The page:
I Went On a Metaphysical-Themed Getaway To Sedona & Returned Anew
Despite my inner skeptic, the experience was — indeed — powerful.
I am, at best, a deeply dubious person when it comes to the unseen and unknown. Astrology? Ghosts? Crystals? I beg your pardon, but show me the proof. It’s not for lack of want that I don’t believe these entities and energies could exist, it’s simply a feeling in my gut. An instinct of doubt. I read my horoscope mining for revelations, but I can’t help but think it sounds boilerplate. I hear a creak in the floorboard and hope for a supernatural sighting, but nothing manifests. If it demands a spiritual or scientific leap of faith I try, but it’s difficult for me to authentically embrace.
So, as I was packing my bags for a four-day trip to experience and write about L’auberge de Sedona’s metaphysical programming, I wrestled with whether I was the best woman for the job. The property recently unveiled its Paths of Possibilities, comprised of five paths: self love, restorative, soulful, nature-inspired, and surround. Each path consists of a guided experience (think: sound baths, tarot readings, or crystal meditation) plus a signature spa treatment and nourishing lunch, all themed around the chosen path. Beyond this, other a la carte activities offered like vortex hikes, breath work, energy healing, and chakra yoga are all aimed to heal what ails you and to harness self-exploration.
Wellness getaways centered around mystical or spiritual healing are great in concept (I write about them not infrequently!) but they can put an almost toxic amount of pressure on the traveler to come away from the ordeal with an epiphany. And, yes, I felt pressure to feel something from this particular experience. The city considers itself something of a ‘spiritual Mecca’ and even after returning home, several friends asked if my visit was mystical. My answer to that? Read on. Plus, I throw in some practical takeaways that one can expect from a trip to the natural splendor Sedona, Arizona.
The Wonder That Is Sedona
When permitted, visiting landscapes that are held as sacred by indigenous communities can be a profound experience. That, above any sort of new age healing, is where I find the most powerful link between humanity and the natural world. The people of the Sinagua, Yavapai-Apache, Hopi, and Navajo tribes have a deep connection to these lands and you can feel said connection reverberating throughout the red rock canyons.
Also within these red rock landscapes are ‘vortexes’; supposed portals of spiraling, emanating energy that can leave one spiritually enlightened. Yes, I was dubious. Still am, in fact. But that doesn’t mean I wasn’t eager to set off into the wilderness with Jason from Trail Lovers to see if my consciousness might be expanded.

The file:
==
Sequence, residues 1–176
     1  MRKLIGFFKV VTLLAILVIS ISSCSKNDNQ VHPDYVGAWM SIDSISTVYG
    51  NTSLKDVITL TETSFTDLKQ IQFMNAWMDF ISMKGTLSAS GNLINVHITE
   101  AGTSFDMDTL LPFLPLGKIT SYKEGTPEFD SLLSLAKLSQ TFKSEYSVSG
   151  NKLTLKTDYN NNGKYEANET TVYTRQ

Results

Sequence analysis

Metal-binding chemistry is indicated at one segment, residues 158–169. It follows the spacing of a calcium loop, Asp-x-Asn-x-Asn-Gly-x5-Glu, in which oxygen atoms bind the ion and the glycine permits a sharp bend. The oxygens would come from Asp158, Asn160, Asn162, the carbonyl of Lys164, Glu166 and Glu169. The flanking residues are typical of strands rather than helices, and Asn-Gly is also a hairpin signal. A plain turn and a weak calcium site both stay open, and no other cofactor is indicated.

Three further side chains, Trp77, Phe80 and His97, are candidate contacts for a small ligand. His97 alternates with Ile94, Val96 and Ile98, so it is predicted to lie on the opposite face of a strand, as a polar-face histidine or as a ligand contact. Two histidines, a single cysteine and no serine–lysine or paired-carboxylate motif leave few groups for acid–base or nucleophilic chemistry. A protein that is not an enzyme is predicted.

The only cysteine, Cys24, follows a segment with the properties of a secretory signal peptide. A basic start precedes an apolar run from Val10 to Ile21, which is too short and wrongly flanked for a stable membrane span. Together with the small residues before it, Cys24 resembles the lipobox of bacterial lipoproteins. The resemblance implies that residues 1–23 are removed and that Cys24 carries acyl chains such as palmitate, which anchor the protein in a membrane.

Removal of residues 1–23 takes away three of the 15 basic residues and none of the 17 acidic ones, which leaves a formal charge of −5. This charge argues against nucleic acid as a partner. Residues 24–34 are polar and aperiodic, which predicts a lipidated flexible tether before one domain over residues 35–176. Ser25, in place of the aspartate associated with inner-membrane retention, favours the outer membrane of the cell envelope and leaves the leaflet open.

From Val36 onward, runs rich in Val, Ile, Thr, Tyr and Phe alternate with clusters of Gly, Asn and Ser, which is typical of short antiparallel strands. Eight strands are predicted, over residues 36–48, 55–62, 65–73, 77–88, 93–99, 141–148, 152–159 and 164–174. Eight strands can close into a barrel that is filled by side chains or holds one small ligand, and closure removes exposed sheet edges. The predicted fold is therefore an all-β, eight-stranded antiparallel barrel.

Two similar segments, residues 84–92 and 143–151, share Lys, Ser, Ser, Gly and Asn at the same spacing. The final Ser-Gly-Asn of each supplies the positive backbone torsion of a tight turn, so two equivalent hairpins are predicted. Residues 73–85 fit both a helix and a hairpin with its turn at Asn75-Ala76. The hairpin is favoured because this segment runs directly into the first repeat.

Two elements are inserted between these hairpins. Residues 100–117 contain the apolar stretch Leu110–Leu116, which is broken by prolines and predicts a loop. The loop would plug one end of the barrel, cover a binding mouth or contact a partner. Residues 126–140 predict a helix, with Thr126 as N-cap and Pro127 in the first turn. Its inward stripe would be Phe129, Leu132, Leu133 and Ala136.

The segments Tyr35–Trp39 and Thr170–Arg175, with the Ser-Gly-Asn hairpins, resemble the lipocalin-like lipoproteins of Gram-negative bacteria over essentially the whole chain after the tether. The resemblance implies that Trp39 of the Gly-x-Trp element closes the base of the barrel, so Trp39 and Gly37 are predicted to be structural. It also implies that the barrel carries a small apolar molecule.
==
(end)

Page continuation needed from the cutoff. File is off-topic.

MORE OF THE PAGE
It wasn’t more than a minute of beginning the Mescal Trail when we crossed paths with Robert, a retiree who Jason exclaimed was a treat to run into and who regularly plays his flute at the sacred Kachina Woman, a nearby Hopi nation site. He eagerly handed each of us a flat red rock carved into a heart shape accompanied by a verbal reminder that we are all magical beings. “There has never been someone exactly like you in the history of mankind and there never will be again,” he said while looking at me directly in the eyes. If someone had been reaping the benefits of the vortexes, it was most decidedly Robert.
From there, the magic continued to unfold. Majestic rock formations rising from sprawling canyons were dotted with cactuses and cypress trees; truly, the beauty of Sedona can’t be overstated. And with 400 miles of hiking trails, it’s not difficult to understand why this landscape left me with a sense of wonderment. “I’m going to stop talking now and let’s approach this vortex area quietly and with intention, it’s really powerful here,” Jason said as we wound around a steep corner overlooking a seemingly infinite expanse. I may not have been spiraled into the sky by a helix of mystic energy, but I felt a subtle, silent power in its stead. After a few minutes of walking we paused, closed our eyes, and did box breathing (in for four seconds, hold for four, out for four, hold for four, and repeat). This exercise, which we practiced one more time in front of Cathedral Rock, exaggerated all of my other senses. “You have the ability to escape time in Sedona,” Jason told me. As I gazed out over this otherworldly landscape that formed three million years ago, I was — at least briefly — present in the moment.
You Can’t Force It, But Be Open